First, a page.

Another theme Pulsipher takes on is the power struggle between the Massachusetts Bay Colony and other European (including English) colonies and the English crown. Rather than being isolated from events across the Atlantic, the Puritan English were dramatically affected by political currents across the ocean. The Spanish writer Las Casas, who in the Anglosphere would inadvertently perpetuate the Black Legend, influenced the initial policies of Puritan colonists in Plymouth and Massachusetts (p. 17). The effects of the English Civil War on the colonies were also monumental, with the parliamentary government of Oliver Cromwell being much friendlier to the interests of Massachusetts in particular, and many Massachusetts men taking part in the conflict in England on behalf of Parliament, demonstrating the two-sided nature of migration (p. 14). Desperate to maintain authority in the region and enforce the supremacy of its charter, Massachusetts Bay often held a contentious relationship with the crown, which was greatly exploited by competing colonies such as Rhode Island, Connecticut, New Hampshire and Maine (p. 39-40). Within the colonies, there was a great deal of conflict among religious groups. During the first bloody year of the King Philip’s War, “Quakers, particularly, made hay of the Puritans’ the Quakers, and to many observing New England from across the Atlantic, the Quaker executions of a decade earlier were the most grievous blot on the Massachusetts record,” (p. 185). Quakers were hardly alone in their resentment of and lack of sympathy for Massachusetts Puritans during the King Philip’s War, with Governor Berkeley of Virginia believing the bloodshed was God’s punishment on the colony as “undoubtedly the New England men were as guilty of the late Blessed King’s murder by their Council’s Emissaries and wishes as any that most apparently acted on it,” (p. 193). Massachusetts Puritans similarly reacted to continuing violence in Maine, the citizens of whom they had reason to resent, a few years later: “[they] saw the Indians attacks on Maine’s English, who had thrown off both civil and religious government, as just,” (p. 209).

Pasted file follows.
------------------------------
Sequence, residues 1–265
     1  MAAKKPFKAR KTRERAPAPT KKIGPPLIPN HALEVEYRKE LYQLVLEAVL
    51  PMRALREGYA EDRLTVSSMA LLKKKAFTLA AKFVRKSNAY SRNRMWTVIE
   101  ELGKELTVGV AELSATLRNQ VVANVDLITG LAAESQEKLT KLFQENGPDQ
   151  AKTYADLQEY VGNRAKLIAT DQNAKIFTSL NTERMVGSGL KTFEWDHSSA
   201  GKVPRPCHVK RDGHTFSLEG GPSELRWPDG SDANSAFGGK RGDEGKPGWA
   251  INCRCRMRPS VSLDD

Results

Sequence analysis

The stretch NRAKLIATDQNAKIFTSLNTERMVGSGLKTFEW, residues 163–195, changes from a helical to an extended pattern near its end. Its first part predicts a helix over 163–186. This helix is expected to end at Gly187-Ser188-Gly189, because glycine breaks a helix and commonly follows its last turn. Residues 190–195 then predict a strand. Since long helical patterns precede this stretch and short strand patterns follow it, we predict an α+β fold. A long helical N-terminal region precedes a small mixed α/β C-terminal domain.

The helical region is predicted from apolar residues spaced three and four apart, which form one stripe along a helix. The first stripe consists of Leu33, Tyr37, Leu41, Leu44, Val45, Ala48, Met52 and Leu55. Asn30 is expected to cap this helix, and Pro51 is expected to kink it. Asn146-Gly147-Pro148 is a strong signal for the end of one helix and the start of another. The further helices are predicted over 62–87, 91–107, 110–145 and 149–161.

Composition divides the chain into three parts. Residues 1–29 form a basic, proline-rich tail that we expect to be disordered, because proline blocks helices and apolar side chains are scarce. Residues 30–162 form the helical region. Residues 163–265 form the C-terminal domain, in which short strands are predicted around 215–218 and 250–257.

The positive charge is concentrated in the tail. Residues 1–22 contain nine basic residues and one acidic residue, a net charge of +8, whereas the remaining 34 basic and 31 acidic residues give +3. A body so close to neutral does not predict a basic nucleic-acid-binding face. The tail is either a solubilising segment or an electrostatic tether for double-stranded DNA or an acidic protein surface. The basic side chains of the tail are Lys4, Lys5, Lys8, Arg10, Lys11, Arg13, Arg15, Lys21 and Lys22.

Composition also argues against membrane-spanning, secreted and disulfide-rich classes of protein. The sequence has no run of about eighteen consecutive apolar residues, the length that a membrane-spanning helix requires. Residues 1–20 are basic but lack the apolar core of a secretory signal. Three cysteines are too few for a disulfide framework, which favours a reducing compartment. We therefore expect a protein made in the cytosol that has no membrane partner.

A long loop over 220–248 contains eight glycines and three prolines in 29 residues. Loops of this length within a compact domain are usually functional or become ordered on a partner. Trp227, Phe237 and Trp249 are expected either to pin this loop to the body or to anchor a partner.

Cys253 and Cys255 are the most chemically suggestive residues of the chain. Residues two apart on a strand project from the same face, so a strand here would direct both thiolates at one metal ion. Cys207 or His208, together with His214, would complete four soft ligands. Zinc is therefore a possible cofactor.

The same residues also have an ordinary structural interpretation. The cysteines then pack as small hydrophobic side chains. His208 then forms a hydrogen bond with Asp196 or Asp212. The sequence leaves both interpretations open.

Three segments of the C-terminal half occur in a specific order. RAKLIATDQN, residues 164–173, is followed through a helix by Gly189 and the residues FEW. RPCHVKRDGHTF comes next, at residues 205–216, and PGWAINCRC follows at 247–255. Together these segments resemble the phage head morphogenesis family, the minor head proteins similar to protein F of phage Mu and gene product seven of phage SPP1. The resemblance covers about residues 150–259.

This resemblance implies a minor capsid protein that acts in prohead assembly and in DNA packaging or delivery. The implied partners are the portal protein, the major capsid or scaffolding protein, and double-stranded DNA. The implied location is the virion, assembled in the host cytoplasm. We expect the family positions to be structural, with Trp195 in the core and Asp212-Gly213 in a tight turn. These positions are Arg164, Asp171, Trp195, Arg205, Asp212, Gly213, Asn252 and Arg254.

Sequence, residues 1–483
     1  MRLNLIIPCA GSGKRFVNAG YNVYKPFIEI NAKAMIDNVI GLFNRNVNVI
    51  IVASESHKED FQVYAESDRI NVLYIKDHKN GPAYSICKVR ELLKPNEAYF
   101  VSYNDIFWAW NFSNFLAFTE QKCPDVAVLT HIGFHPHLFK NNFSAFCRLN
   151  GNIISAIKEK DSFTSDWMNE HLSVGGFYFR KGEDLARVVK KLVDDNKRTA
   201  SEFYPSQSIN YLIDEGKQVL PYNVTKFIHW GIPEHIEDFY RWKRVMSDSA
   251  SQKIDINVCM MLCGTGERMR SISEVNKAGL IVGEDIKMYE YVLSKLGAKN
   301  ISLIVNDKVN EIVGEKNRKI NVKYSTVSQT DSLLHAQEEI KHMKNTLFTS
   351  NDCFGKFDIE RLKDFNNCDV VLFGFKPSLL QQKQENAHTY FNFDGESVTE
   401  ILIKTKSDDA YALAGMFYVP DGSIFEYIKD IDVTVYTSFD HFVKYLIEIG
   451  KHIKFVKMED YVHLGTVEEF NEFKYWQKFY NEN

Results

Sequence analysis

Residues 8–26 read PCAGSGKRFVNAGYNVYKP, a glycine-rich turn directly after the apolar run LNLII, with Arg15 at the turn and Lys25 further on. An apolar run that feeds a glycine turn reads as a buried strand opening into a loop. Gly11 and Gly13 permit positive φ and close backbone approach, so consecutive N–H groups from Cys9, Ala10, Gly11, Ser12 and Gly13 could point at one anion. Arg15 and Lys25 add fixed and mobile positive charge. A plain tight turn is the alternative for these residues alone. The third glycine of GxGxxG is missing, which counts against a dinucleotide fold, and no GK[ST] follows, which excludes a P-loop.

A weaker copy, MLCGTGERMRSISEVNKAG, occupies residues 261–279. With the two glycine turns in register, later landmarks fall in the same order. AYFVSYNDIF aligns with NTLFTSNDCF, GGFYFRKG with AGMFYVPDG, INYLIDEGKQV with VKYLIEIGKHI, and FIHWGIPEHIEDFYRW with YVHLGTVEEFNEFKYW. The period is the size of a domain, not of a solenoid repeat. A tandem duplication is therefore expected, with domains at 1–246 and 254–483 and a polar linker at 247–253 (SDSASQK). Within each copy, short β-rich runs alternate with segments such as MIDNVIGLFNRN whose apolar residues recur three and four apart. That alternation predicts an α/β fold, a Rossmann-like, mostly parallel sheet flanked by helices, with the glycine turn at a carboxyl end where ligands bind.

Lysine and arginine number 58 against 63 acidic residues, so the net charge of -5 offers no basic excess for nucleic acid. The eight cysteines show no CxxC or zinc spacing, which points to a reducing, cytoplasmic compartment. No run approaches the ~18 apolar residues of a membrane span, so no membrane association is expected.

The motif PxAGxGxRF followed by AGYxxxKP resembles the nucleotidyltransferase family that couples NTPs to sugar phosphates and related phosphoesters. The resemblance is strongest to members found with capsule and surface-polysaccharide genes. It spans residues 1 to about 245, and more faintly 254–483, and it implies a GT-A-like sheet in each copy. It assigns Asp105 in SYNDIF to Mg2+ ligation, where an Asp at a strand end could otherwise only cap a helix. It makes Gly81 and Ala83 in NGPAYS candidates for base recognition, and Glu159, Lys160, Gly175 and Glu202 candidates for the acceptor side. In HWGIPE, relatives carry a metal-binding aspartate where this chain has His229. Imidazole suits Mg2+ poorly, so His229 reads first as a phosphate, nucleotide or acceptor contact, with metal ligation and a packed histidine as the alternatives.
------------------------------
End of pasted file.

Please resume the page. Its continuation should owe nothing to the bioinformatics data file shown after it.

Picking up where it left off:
While Pulsipher skillfully nuances the power conflicts in colonial New England, there are a few factors which should be more thoroughly explored. In the concluding chapters of the book, she describes in detail the final submission of the Bay Colony to royal authority in 1691 following the Glorious Revolution which had deposed James II. She describes how the “younger generation turned away from local authorities who had been in power,” and emphasizes by this time the “willingness of Massachusetts’s new leaders to embrace royal government,” this embrace coming with “a growing sense of religious tolerance,” (p. 264). What she does not explain is why precisely attitudes in Massachusetts became more open towards religious tolerance, particularly given the severity of the rivalry between Quakers, Baptists and other groups and Puritans that had so characterized the region just a few years before. This is hardly an obvious transformation and it would beneficial to the field to further analyse when and how these attitudes changed and who cause these changes, which did not apply to everyone. The work also discusses the role of the Caribbean in trade with New England, but fails to give due mention to the African slave trade and the role of African slavery in colonial New England, which did exist (p. 268).
Pulsipher’s work in Colonial New England is significant in that it restores an often-missing complexity to the Seventeenth Century Atlantic world, re-evaluating differing conceptions of power dynamics and bearing witness to the diversity of motivations which would give rise to strategic alliances between competing polities and put others at odds. This is of particular importance to the history of Puritan migration to New England, evoking the tense and varied relationship between these immigrants and their mother country, issues of sovereignty for themselves and the people whom they asserted themselves over, and intercolonial conflicts within North America. Future work in this field would benefit from taking on Pulsipher’s analysis of issues of authority, while possibly exploring further interactions of power such as economic leverage and the Atlantic slave trade.